Why is Brazil ex-leader Lula caught up in corruption scandal?

Federal police officers are deployed at the Lula Institute headquarters in Sao Paulo, Brazil on 4 March, 2016. Image copyright AFP
Image caption Police searched the offices of the Lula Foundation and the ex-leader's home

In the early hours of 4 March, the home and other properties belonging to Brazil's former president Luiz Inacio Lula da Silva were raided as part of a huge corruption investigation.

Lula himself was taken to a police station and released after three hours of questioning.

Here we look at how the popular ex-leader has come to be at the centre of a multibillion-dollar corruption scandal that has already seen dozens of lawmakers arrested.

What happened on 4 March?

Image copyright AFP
Image caption Lula had hinted recently that he was considering running for president again in 2018

Police knocked on the door of Lula's house in Sao Bernardo do Campo in the greater Sao Paulo area at 06:00 local time (09:00GMT).

Officers took the ex-president in an unmarked car to a police station at Congonhas airport for questioning.

The officers escorting Lula to the police station were acting under a judge's order called a "conducao coercitiva" (bench warrant) which means that a person is commanded to appear before authorities to give testimony.

Police searched his house in Sao Bernardo, the offices of the Lula Institute – a non-governmental organisation founded by the ex-leader – and the homes of some of his family members and associates.

In total, 200 police officers enforced 33 search and 11 arrest warrants at locations in three Brazilian states.

What's behind Lula's detention?

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Image caption The corruption scandal revolves around contracts awarded by state-owned oil company Petrobras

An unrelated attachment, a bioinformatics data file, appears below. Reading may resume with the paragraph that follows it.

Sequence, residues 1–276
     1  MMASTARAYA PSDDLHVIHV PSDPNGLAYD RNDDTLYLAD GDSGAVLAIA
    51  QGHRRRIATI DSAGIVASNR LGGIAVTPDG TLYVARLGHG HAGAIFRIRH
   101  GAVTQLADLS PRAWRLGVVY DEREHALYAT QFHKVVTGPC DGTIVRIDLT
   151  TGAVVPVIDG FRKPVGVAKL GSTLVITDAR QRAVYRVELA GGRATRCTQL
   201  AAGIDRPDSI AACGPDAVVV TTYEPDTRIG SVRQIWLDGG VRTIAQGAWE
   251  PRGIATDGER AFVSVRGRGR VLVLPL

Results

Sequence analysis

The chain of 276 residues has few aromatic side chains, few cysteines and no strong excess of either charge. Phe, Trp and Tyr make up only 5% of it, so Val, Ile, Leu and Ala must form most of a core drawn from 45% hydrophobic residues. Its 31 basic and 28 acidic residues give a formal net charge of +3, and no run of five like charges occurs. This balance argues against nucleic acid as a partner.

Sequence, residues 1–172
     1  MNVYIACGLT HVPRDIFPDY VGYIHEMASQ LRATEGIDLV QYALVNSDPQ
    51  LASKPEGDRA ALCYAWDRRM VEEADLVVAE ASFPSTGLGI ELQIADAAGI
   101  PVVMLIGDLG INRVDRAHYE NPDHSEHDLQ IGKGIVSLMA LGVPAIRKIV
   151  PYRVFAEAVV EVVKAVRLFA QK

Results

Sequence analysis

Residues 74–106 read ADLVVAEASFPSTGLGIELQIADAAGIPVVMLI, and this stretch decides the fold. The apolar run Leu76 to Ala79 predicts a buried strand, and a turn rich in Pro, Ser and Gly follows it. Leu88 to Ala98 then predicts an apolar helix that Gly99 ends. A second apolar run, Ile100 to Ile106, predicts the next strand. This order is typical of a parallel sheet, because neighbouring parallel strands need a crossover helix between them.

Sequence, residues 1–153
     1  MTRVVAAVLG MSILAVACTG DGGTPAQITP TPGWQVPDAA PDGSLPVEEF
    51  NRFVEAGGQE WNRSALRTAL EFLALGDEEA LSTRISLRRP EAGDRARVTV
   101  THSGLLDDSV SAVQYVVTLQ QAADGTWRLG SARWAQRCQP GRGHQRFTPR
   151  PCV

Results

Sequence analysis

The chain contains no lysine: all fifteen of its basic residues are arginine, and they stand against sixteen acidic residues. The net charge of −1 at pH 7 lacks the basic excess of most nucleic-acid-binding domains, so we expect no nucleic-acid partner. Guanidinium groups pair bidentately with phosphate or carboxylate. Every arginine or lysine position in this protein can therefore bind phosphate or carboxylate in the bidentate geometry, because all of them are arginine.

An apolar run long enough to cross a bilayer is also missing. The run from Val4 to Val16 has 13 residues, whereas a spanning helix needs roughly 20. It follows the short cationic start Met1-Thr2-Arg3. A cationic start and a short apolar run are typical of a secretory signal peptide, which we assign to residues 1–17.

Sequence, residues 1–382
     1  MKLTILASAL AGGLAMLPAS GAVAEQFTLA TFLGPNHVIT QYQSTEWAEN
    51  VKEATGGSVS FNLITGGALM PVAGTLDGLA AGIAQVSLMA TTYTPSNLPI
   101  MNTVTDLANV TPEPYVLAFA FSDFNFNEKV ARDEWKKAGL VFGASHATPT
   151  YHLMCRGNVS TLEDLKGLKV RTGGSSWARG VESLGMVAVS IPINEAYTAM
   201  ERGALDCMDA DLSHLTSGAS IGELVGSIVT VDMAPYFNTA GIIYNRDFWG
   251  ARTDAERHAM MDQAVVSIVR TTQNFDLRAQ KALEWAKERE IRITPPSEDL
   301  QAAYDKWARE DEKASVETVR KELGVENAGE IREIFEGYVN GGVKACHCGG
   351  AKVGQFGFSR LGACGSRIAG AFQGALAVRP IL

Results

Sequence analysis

Lula's detention is part of a long-running investigation into a massive corruption scandal at Brazil's state-owned oil company, Petrobras.

The investigation is called Operation Lava Jato (Car Wash) and was launched by Judge Sergio Moro in March, 2014.

Investigators allege firms and businessmen paid corrupt officials huge bribes in order to secure lucrative Petrobras contracts.

They say that starting in 2003, construction companies formed a cartel to overcharge Petrobras for building contracts.

They would then pay part of their windfall to Petrobras executives and politicians who were in on the deal.

Prosecutors allege that the governing Workers' Party partly financed its campaigns and expenses through these kickbacks.

The scandal has rocked Brazil's political establishment, with top politicians in several parties accused of taking bribes.

Where's Operation Car Wash at?

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Image caption Lula's detention was headline news on Brazilian channels

The investigation has been under way for almost two years and is in its 24th "phase" (a phrase used by investigators when they follow new lines of enquiry).

Top executives at Petrobras and dozens of directors of Brazil's largest construction and engineering firms have been arrested.

Dozens of influential politicians, including the treasurer of the governing Workers' Party, Joao Vaccari Neto, and Lula's former chief of staff, Jose Dirceu, have been arrested.

But it is not just politicians from the governing party who have been linked to the scandal.

President Dilma Rousseff's fiercest rival, lower house speaker Eduardo Cunha of the PMDB party, has also had his home raided by police.